There are several possible explanations for the simultaneous increase in graduation rates and decrease in time until graduation. First, until recently, many banks failed to adequately inform customers about existing graduation policies. Some may have lacked a graduation policy altogether. A 2016 report revealed that secured-card customers were often unclear about their bank’s graduation policy. Second, competition for well-performing secured-card customers may have encouraged banks to reduce the time until account graduation as they sought to prevent attrition to competitors. The 2016 report also noted that consumers who improve their credit scores may be targeted by outside lenders seeking to poach creditworthy customers. Thus, enigmatic account-graduation policies and aggressive marketing by competitors may have prompted banks to clarify their graduation processes, both to themselves and to their customers.
Third, the composition of the pool of secured-card applicants may have improved. A movement toward lower risk consumers applying for secured cards would increase the number of cards qualifying for graduation, independent of any changes on the lender’s side. Figure 2 shows that graduation rates vary greatly depending on the year of account origination (vertical axis) and the consumer’s credit score at origination (colored bars). In the five cohorts that Santucci examines, consumers lacking credit scores at origination (purple) are much more likely to graduate within two years than those with credit scores, implying that unscored consumers pose a lower risk than consumers with scores. For the latter, graduation rates follow a rank-ordered pattern: the lower a consumer’s credit score at origination, the less likely the consumer is to graduate to an unsecured card within two years.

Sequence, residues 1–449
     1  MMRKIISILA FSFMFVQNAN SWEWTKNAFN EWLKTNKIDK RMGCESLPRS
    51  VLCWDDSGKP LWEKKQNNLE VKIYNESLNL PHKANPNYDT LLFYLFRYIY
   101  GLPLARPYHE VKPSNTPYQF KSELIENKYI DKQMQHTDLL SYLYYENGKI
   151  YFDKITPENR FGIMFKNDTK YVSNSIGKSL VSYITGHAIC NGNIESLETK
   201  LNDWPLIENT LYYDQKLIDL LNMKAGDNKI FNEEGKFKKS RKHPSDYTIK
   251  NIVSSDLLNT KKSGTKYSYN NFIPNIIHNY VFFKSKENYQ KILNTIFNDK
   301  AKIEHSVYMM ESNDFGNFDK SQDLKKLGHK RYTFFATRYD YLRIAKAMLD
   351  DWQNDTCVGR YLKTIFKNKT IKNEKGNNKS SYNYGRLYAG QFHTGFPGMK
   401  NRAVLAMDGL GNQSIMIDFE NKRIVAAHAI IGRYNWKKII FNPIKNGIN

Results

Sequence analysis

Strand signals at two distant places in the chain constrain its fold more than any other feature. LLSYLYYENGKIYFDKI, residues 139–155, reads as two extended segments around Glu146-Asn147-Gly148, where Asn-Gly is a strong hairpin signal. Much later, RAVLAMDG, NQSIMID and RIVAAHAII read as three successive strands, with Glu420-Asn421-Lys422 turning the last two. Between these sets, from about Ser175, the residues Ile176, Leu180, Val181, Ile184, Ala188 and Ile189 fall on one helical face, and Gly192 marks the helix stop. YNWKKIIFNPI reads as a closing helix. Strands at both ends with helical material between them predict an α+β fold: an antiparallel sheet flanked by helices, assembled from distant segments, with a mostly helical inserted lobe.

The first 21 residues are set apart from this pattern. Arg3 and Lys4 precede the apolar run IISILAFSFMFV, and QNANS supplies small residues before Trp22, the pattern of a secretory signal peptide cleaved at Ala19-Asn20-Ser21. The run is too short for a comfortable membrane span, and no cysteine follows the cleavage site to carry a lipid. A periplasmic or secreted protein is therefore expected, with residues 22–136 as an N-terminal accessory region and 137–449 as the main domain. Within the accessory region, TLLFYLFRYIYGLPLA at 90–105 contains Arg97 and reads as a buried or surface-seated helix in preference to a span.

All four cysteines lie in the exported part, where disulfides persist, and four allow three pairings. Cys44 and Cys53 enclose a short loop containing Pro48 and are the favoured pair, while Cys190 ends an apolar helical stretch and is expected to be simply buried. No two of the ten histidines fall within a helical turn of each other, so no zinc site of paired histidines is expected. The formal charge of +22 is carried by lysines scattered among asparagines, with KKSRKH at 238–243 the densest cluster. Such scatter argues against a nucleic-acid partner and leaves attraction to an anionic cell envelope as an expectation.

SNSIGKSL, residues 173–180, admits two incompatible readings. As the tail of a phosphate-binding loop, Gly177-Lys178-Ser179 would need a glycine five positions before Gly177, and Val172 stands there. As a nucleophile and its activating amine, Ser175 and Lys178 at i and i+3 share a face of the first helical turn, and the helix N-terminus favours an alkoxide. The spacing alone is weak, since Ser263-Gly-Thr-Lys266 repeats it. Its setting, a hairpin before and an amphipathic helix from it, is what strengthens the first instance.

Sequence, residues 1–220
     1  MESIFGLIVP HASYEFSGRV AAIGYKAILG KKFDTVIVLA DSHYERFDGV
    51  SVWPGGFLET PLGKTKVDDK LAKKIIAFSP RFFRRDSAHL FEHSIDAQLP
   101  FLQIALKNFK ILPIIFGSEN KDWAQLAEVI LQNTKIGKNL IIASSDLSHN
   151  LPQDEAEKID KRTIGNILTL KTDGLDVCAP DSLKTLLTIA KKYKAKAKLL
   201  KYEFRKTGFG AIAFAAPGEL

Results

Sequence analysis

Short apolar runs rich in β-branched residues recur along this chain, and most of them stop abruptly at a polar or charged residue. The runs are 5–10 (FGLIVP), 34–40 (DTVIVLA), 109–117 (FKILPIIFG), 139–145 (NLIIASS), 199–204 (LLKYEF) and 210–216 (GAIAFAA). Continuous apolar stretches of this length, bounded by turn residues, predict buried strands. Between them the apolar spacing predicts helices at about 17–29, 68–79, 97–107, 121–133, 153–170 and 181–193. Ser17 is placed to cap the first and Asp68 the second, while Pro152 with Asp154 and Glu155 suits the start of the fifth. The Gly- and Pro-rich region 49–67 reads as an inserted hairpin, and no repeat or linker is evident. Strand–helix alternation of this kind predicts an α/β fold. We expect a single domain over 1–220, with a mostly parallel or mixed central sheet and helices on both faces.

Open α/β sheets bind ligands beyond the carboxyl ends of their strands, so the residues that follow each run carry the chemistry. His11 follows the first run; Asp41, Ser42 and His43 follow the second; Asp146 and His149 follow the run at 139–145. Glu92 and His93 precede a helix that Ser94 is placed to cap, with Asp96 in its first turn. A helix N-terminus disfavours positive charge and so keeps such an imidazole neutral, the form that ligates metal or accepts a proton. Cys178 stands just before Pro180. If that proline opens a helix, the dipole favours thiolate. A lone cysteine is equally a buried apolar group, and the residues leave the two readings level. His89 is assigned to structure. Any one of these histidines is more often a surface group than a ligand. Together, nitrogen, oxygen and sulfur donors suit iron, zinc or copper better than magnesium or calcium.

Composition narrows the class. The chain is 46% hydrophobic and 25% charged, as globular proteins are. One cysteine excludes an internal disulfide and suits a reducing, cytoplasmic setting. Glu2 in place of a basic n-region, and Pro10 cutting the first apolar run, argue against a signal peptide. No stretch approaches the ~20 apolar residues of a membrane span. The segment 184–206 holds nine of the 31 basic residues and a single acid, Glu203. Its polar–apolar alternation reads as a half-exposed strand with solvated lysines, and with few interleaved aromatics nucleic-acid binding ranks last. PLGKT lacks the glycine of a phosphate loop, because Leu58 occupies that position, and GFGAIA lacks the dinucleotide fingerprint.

Figure 2. Two-Year Account Graduation Rates by Cohort Year and Origination Credit Score Segment
Correlated usage and repayment behaviors
In his paper, Santucci finds that a consumer’s most recent credit score has the largest effect on the probability of account graduation. Higher credit scores are associated with a higher likelihood of graduation, and vice versa. Since credit scores are a function of the consumer’s behavior across all credit relationships—as well as collections, public records and credit inquiries—secured-card accountholders should pay careful attention to anything that might harm their scores while their secured-card accounts are open.
Santucci also finds that paying the full account balance each month is associated with a higher probability of graduation. Conversely, instances of account inactivity, delinquency and utilization over 80 percent are associated with lower graduation rates. Indeed, consumers should be mindful of their credit-limit utilization; a 10-percent higher utilization rate reduces the likelihood of graduation by about 11 basis points.
Over the past few years, graduation has become a distinctive feature of secured credit card programs. More graduations means that more consumers are able to use credit cards to improve their financial health. They should also consider checking their credit reports for errors or inaccuracies. Consumers in the United States may check their three major credit reports for free each year at Annualcreditreport.com. Disputes identified at Equifax, Experian or TransUnion can be initiated online.
Disclaimer: The views expressed here are those of the authors and not necessarily those of the Federal Reserve Bank of Philadelphia or the Federal Reserve System.